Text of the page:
28. In the second paragraph, the author implies that using radio transmitters would allow a researcher who studies crow to (A) identify individual crows
(B) follow flocks of crows over long distances
(C) record the times when crows are most active
(D) help crows that become sick or injured
29. According to the third paragraph, which of the following is true about crows?
(A) They seldom live in any one place for very long.
(B) They thrive in a wide variety of environments.
(C) They have marked preferences for certain kinds of foods.
(D) They use up the resources in one area before moving to another.
30. In line 19,the word "inclinations" is closest in meaning to
31. In lines 19-21, the author mentions a pet crow to illustrate which of the following? (A) The clever ways that crows solve problems
(B) The differences between pet crows and wild crows
(C) The ease with which crows can be tamed
(D) The affection that crows show to other creatures
32. Which of the following statements is supported by the passage?
(A) Crows have relatively long lives.
(B) Crows have keen vision
(C) Crows are usually solitary
(D) Crows are very intelligent.
In the early days of the United States, postal charges were paid by the recipient and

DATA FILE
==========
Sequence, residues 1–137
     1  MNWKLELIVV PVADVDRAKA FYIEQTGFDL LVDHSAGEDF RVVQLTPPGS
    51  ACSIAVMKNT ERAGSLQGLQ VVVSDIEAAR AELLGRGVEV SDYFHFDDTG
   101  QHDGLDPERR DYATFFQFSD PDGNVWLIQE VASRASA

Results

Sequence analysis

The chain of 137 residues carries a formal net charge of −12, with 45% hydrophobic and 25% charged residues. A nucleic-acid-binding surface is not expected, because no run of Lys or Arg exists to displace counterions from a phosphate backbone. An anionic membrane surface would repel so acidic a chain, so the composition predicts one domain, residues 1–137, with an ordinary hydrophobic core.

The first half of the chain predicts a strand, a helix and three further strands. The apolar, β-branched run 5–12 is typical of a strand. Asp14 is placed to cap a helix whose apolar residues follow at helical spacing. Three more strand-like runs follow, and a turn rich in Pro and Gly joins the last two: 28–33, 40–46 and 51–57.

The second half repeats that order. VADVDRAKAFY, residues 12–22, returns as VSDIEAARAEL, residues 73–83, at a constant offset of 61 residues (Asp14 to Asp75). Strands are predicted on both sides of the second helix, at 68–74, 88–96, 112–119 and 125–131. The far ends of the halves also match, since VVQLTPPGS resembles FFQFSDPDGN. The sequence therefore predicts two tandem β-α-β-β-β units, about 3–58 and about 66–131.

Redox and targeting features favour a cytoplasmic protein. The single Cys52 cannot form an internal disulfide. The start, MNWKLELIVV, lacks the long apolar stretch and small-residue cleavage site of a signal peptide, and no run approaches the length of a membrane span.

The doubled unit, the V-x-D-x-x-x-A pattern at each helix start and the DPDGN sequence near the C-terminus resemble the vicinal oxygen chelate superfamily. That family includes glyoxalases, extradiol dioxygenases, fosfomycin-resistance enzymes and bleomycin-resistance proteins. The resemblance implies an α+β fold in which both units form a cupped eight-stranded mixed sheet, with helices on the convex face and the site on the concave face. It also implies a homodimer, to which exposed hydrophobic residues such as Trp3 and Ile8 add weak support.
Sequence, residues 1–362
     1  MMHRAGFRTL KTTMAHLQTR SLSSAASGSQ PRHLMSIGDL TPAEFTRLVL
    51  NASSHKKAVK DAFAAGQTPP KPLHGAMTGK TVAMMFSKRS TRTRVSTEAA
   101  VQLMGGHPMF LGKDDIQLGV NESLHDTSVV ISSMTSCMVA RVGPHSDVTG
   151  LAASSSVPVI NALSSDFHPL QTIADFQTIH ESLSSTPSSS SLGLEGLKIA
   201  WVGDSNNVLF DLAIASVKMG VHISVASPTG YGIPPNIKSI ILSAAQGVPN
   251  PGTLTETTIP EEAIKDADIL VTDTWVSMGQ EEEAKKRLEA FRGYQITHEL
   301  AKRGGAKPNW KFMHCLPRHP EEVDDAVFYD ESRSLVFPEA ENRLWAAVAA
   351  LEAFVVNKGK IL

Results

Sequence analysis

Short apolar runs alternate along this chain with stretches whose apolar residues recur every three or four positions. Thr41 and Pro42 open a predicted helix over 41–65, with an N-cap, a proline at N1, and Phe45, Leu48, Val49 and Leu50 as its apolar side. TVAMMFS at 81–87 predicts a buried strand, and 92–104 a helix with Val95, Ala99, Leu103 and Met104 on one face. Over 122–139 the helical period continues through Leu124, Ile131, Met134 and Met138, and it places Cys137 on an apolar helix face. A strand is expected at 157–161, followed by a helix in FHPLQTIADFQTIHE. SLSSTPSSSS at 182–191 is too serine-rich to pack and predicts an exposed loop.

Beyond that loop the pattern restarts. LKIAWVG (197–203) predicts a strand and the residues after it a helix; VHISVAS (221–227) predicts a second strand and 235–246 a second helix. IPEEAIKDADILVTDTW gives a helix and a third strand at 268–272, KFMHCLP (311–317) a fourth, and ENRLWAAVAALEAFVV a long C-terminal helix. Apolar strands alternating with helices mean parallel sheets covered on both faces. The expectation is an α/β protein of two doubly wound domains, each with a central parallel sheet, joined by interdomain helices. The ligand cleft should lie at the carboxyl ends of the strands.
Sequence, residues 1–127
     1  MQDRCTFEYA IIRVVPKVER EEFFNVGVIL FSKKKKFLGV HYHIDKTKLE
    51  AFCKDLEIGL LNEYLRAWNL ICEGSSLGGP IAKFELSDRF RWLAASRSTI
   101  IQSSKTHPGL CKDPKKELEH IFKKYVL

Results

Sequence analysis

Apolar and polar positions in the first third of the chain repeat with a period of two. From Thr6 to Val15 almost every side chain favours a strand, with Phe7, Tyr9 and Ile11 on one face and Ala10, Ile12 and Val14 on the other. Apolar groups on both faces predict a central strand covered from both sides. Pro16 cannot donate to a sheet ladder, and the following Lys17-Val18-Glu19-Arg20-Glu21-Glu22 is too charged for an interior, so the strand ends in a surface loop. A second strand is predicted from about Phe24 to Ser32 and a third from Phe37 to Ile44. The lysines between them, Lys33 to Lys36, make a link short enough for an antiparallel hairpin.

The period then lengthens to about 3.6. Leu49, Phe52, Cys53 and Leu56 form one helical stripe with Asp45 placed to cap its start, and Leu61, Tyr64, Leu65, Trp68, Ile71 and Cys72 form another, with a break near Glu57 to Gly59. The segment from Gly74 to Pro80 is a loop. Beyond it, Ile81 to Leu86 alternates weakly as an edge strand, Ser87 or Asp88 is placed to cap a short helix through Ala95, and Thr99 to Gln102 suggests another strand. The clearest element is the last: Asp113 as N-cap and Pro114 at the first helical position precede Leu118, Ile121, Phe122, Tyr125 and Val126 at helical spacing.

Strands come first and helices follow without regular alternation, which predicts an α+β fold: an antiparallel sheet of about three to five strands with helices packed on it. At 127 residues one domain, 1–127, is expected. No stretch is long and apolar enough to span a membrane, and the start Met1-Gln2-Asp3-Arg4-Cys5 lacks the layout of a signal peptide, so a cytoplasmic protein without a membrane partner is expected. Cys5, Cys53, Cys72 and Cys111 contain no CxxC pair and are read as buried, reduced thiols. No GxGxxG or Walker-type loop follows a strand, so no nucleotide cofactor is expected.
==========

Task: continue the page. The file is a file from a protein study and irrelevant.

Charges varied with the distance carried. In 1825, the United States Congress permitted
local postmasters to give letters to mail carriers for home delivery, but these carriers
received no government salary and their entire compensation depended on what they
were paid by the recipients of individual letters.
In 1847 the United States Post Office Department adopted the idea of a postage stamp,
which of course simplified the payment for postal service but caused grumbling by
those who did not like to prepay. Besides, the stamp covered only delivery to the post
office and did not include carrying it to a private address. In Philadelphia, for example,
with a population of 150,000, people still had to go to the post office to get their mail.
The confusion and congestion of individual citizens looking for their letters was itself
enough to discourage use of the mail. It is no wonder that, during the years of these
cumbersome arrangements, private letter-carrying and express businesses developed.
Although their activities were only semilegal, they thrived, and actually advertised that
between Boston and Philadelphia they were a half-day speedier than the government
mail. The government postal service lost volume to private competition and was not
able to handle efficiently even the business it had.
Finally, in 1863, Congress provided that the mail carriers who delivered the mail
from the post offices to private addresses should receive a government salary, and that
there should be no extra charge for that delivery. But this delivery service was at first
confined to cities, and free home delivery became a mark of urbanism. As late as 1887,
a town had to have 10,000 people to be eligible for free home delivery. In 1890, of the
75 million people in the United States, fewer than 20 million had mail delivered free
to their doors. Th e rest, nearly three-quarters of the population, still received no mail
unless they went to their post office.如果觉得《2017年托福考试全真试题测试(5)》不错，可以推荐给好友哦。
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